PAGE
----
''terms'' and ''words'' and on the localization of terms in the realm
of PAROLE (''the realization of language, as opposed to LANGUE, the
system of language'', p. 11). ''Terminology'', defined as ''the
vocabulary of a subject field'' (p. 9), is regarded as a
representation of the systematized knowledge of a given domain
(p. 15). The author reviews ''traditional'' approaches to terminology
(the ''Vienna'' school of terminology, W�ster, 1959/60) and describes
recent trends in the study of terminology (among others the works of
Cabr�, 1995, 2000 and Temmermann 1997, 2000). It is criticized that
the traditional theory of terminology as well as the recent studies
borrow their theoretical framework from studies of concepts that do
not specifically consider the status of concepts within the theory of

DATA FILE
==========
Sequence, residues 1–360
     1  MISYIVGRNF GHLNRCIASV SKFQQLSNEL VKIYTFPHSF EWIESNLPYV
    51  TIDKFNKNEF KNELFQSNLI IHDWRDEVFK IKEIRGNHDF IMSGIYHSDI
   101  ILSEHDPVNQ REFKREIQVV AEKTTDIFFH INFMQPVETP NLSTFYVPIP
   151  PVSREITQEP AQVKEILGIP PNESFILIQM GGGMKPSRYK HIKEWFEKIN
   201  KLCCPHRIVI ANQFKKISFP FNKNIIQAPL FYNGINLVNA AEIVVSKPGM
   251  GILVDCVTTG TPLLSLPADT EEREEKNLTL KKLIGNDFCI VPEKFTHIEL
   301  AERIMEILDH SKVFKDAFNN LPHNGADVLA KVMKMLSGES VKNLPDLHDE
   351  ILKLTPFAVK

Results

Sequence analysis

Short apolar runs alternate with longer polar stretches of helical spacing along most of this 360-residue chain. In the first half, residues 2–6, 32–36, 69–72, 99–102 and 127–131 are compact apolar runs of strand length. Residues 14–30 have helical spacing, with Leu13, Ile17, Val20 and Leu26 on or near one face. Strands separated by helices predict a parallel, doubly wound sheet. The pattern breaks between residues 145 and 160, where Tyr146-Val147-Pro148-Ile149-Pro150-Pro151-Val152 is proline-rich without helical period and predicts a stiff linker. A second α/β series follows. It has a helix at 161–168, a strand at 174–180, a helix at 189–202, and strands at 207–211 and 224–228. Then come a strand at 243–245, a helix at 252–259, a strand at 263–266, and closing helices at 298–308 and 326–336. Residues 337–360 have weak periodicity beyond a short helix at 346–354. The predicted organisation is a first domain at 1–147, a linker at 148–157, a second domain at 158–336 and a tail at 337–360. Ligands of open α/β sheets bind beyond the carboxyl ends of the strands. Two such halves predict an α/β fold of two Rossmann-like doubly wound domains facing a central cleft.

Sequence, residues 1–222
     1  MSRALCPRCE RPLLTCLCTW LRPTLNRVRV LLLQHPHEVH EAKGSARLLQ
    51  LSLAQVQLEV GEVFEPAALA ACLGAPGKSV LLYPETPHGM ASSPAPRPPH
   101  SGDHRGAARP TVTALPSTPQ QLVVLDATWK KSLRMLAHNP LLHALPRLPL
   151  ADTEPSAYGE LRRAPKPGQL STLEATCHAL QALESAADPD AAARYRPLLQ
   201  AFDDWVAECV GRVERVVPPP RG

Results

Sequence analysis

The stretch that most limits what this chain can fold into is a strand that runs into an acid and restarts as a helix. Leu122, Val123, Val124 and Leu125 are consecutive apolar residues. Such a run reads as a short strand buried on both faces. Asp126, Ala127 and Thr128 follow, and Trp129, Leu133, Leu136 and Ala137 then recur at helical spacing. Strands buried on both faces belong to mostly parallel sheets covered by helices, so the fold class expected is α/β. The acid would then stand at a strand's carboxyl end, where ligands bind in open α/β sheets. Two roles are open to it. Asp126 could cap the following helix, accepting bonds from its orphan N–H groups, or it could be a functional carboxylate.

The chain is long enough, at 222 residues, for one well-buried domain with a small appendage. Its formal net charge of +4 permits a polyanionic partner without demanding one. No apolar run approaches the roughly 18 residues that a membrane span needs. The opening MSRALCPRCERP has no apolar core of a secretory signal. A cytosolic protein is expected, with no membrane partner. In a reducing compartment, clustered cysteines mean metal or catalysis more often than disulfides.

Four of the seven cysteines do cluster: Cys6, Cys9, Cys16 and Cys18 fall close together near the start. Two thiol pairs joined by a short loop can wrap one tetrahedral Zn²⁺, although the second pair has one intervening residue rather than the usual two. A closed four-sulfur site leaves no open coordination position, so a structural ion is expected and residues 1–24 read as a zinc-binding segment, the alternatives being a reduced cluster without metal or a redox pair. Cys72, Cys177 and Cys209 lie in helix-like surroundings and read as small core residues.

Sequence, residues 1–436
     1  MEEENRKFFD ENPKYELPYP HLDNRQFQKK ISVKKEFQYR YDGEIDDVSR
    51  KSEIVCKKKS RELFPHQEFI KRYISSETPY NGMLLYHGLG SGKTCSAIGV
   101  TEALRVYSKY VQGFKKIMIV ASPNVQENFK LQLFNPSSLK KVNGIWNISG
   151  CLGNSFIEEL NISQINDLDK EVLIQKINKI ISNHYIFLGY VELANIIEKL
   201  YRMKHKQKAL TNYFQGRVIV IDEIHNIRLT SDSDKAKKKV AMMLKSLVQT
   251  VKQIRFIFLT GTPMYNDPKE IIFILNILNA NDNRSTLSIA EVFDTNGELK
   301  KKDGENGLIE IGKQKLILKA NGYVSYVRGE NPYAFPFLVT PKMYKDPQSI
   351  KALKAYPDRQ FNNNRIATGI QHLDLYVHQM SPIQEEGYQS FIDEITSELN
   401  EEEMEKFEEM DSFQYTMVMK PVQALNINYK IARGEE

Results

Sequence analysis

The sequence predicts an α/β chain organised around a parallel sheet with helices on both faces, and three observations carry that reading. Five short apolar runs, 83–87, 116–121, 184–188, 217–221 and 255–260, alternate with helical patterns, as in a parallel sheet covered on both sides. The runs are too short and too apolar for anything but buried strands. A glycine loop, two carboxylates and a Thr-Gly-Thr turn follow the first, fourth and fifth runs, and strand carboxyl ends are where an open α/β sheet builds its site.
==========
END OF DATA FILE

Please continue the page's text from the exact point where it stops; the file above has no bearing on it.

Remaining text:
terminology. What is crucial according to the author is the
theoretical framework of terminology into which ''concept'' is
incorporated, not the kind of ''concept'' theory used in term
description (p. 24).

In chapter 2, the theoretical and methodological framework for the
study of the dynamics of terminology is elaborated. The author points
out that the focus of the study is on the system of terminology, i.e.,
on term formation and terminological growth within a given domain,
whereas the use of terms in discourse and phenomena such as meaning
shifts and metaphorical uses of terms are excluded. Basically, it is
assumed that there are systematic factors within a given terminology
that ''determine the formation of new terms and the growth of
terminology'' (p. 34). The methodology adopted by Kageura is
''structural'' in two ways: 1) in a mathematical or algebraic sense of
the word, as mental patterns (combinations of concepts) are mapped to
linguistic patterns (terms), 2) in the sense of structural semantics